UCSB’s ocean science laboratory is using artificial intelligence to prevent whale deaths

The leading cause of death for large whales is ship collision. UC Santa Barbara’s Benioff Ocean Science Laboratory is working to reduce the number of these collisions by tracking them across the California coast using artificial intelligence (AI) technology.

This past September, UCSB’s WhaleSafe program launched its second research vessel into San Francisco Bay, while the first vessel sits next to the Port of Long Beach.

They track whales that migrate along the central coast, including blue whales, humpback whales and fin whales.

Rachel Rhodes is a project scientist for the Benioff Lab working on WhaleSafe. She said whale-ship collisions on the California coast happen more often than many might think.

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“There are estimates that about 80 endangered whales are killed off the West Coast each year. So again, it’s just kind of a nuanced number of the actual reported ship strikes, because it’s just a fraction of what we’re seeing,” Rhodes said.

According to Rhodes, the risk of a shipping strike is high at ports in Long Beach and Oakland. Their solution is an AI-powered, real-time whale detection system that allows mariners to know if there are whales in busy shipping areas.


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Whale sharks sometimes wash up on Central Coast beaches during their migration up and down the coast.

“We have three different types of technology that feed into that for this whale presence assessment of what’s happening on the water at any given time,” Rhodes said.

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Rhodes said there are three parts to the design of their whale tracking system. The first and most important part is an underwater microphone that monitors ocean noise 24/7. And, with their AI technology, they are able to identify each whale by the noises they make.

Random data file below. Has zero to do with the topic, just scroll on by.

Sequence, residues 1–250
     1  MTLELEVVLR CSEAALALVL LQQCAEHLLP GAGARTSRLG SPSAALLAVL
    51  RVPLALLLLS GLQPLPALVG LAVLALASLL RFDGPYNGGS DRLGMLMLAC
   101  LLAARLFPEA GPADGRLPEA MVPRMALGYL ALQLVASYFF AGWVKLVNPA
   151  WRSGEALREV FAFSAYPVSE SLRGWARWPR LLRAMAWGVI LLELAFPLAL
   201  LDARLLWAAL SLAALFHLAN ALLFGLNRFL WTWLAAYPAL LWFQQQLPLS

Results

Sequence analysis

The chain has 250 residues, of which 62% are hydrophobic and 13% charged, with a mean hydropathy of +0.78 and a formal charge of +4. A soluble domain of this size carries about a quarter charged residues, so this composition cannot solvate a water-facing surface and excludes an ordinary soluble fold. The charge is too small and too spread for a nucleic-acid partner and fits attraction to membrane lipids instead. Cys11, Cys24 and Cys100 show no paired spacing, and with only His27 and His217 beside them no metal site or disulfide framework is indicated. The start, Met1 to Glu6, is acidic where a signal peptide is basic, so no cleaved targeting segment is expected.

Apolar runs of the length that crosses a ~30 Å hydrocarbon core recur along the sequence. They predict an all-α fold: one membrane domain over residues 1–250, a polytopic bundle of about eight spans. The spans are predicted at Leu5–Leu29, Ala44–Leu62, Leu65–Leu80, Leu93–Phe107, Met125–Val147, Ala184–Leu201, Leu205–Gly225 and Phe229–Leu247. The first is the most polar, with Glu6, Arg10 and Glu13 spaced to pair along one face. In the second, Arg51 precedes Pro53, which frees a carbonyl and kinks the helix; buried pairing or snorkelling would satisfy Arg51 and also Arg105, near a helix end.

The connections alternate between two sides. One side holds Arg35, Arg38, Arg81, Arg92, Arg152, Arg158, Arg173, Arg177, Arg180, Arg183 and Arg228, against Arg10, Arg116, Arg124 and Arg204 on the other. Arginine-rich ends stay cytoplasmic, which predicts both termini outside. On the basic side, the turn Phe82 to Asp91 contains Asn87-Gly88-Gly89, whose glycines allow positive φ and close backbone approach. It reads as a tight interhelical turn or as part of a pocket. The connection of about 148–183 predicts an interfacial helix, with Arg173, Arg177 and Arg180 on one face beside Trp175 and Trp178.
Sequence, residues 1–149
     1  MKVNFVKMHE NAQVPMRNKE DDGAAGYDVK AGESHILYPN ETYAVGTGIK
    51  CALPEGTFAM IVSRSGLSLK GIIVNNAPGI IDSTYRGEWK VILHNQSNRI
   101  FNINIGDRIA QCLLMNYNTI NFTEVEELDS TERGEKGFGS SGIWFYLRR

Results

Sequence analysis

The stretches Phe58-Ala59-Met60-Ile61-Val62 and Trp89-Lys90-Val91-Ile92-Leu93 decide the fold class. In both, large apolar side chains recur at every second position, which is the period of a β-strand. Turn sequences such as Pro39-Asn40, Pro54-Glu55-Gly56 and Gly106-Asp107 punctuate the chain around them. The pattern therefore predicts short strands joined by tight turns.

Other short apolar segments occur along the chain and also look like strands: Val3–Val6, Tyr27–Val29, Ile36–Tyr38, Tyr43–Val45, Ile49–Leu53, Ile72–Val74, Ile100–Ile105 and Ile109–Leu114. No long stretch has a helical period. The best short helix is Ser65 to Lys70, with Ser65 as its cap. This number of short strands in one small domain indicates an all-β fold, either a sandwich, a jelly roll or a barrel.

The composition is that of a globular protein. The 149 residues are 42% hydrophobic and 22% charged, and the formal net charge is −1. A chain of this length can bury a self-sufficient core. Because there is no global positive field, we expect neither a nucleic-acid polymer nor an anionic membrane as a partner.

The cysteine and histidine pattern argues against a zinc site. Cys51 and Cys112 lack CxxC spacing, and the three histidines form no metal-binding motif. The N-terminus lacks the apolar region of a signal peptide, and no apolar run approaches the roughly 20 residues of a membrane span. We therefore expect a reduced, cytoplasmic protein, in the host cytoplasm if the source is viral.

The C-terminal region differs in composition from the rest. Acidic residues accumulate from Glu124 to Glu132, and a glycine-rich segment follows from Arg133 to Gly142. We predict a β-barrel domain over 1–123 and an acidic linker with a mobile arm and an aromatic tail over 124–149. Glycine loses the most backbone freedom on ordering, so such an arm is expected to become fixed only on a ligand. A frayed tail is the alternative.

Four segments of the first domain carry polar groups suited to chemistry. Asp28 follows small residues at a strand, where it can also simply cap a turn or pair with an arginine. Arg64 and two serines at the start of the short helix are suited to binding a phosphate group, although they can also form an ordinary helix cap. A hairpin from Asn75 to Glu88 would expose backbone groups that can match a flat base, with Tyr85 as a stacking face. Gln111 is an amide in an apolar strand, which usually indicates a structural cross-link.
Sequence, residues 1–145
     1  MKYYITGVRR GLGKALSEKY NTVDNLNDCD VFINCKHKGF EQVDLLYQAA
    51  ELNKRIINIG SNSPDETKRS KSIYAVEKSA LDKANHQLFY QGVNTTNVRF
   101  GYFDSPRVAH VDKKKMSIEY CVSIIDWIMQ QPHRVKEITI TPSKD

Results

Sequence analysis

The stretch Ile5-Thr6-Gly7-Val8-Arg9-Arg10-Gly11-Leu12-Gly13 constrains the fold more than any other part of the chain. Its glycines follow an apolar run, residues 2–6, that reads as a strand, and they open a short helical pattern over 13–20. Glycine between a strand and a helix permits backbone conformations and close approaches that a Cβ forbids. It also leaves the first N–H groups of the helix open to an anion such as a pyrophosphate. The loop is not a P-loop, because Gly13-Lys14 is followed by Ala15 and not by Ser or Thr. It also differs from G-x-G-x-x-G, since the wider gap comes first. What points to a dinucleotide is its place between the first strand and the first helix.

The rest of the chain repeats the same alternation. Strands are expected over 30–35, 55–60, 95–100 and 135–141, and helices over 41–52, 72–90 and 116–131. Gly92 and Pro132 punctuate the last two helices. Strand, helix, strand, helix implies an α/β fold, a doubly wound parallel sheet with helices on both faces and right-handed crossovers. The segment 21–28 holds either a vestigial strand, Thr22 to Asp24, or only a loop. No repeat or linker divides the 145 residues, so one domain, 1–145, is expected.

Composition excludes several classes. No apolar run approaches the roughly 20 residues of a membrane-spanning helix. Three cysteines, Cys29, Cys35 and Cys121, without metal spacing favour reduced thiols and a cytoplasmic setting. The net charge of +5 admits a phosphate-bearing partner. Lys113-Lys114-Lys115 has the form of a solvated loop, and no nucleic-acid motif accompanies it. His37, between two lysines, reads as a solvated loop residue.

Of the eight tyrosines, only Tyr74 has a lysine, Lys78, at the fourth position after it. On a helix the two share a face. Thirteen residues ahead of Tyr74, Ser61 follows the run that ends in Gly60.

The second piece of information they use is satellite data of ocean conditions to predict whether whales are likely to be around.

“That was a model built from 104 satellite tags of blue whales to understand their habitat preference, but it’s dynamically updated every day based on the OSHA graphic conditions, letting us know the forecast for the region,” Rhodes said.

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And the last piece is data collected from whale watching.

“The three come together in our system and we synthesize it into a simpler version which is a ‘whale presence assessment.'” Similar to [the] Smokey the Bear fire hazard sign. I think that’s the best analogy because it’s a rating that goes from low, medium, high to very high,” Rhodes said.

Rhodes said they receive hourly updates from the various data streams, which they send out to ship captains and resource managers.

With 2018 and 2019 seeing the highest rates of whale collisions, UCSB’s Benioff Lab is asking mariners to use their platform to slow down nearby whales to avoid collisions.

Updates on nearby whales can be found on WhaleSafe’s public website.


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